4
$\begingroup$

The Boeing CST-100 Starliner failed an unmanned test because the timer on the spacecraft was off by 11 hours. This caused the spacecraft computer to think it was ahead in mission timing by 11 hours, and started maneuvers at the wrong time, using up attitude control fuel and forcing an abort.

If the spacecraft had been manned would the astronaut pilot(s) have had the instrumentation and control to 1) recognize the problem in time to 2) take manual control to save the mission?

$\endgroup$
  • $\begingroup$ I suspect that any attempt to correct after unwanted maneuvers have started would be at best extremely dangerous. $\endgroup$ – Carl Witthoft Feb 10 at 14:00
4
$\begingroup$

According to the NASA Administrator if the crew had been present, yes.

"This anomaly has to do with automation," Bridenstine said. "Nicole [Mann] and Mike [Fincke] are trained specifically to deal with the situation that happened today, where the automation was not working according to plan."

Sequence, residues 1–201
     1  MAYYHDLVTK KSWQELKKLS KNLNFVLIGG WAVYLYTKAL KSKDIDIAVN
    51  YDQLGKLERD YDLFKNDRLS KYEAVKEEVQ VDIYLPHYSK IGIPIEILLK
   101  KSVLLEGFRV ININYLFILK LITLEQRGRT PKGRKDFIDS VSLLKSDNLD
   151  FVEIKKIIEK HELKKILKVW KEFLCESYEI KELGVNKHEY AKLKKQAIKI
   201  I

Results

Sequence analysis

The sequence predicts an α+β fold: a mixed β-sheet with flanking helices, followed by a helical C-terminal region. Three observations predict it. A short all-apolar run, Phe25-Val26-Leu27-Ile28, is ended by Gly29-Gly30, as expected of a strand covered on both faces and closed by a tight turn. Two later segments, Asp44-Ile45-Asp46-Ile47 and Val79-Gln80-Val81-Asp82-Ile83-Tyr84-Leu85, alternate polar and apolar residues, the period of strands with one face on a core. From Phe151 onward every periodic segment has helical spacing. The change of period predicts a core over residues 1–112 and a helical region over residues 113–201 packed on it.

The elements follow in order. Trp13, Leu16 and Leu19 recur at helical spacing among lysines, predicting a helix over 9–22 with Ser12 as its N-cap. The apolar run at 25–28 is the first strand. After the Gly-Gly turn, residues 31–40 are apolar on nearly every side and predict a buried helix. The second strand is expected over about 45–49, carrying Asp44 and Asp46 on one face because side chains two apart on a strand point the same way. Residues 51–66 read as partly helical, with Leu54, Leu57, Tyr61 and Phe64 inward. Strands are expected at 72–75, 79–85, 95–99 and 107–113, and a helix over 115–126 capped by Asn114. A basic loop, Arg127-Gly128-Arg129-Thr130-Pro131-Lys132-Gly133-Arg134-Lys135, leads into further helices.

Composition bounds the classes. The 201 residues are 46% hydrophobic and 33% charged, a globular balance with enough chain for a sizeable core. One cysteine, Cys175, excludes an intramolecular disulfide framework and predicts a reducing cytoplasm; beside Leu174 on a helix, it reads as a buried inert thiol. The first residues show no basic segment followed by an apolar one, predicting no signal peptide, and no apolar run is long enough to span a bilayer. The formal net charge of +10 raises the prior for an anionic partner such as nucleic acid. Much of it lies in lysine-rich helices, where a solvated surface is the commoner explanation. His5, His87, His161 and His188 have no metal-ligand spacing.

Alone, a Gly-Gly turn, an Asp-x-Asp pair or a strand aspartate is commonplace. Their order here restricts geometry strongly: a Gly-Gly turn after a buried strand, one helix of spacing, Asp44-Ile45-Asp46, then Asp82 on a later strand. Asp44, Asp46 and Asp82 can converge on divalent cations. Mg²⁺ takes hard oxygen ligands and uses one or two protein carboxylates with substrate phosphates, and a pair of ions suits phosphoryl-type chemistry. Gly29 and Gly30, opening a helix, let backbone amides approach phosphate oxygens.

Source

Presumably this means that an onboard crew could reset the Mission Elapsed Time (MET). That was certainly the case for Shuttle, although it was not a trivial task.

(I personally am curious as to whether the MET displayed onboard to the crew was in error. It was prominently displayed in the Shuttle cockpit. If so, the error might have been caught by them very quickly.)

However, the Administrator's comments refer only to the MET software error, and were made before the recent revelations of another software error later in the mission that would/could have caused a collision between the crew module and service module at service module jettison.

Assuming that the second problem had not been identified prior to jettison, and in the absence of Mission Control commanding, the crew could have done nothing about that error.

| improve this answer | |
$\endgroup$
  • 1
    $\begingroup$ That second software error is indeed extremely scary @OrganicMarble! There seems to be systemic problems at Boeing when it comes to design, development and testing. If the first error hadn't happened engineers wouldn't have caught the second one. Very, very concerning. $\endgroup$ – GdD Feb 10 at 14:38
  • $\begingroup$ @GdD I agree whole-heartedly. $\endgroup$ – Organic Marble Feb 10 at 14:42

Your Answer

By clicking “Post Your Answer”, you agree to our terms of service, privacy policy and cookie policy

Not the answer you're looking for? Browse other questions tagged or ask your own question.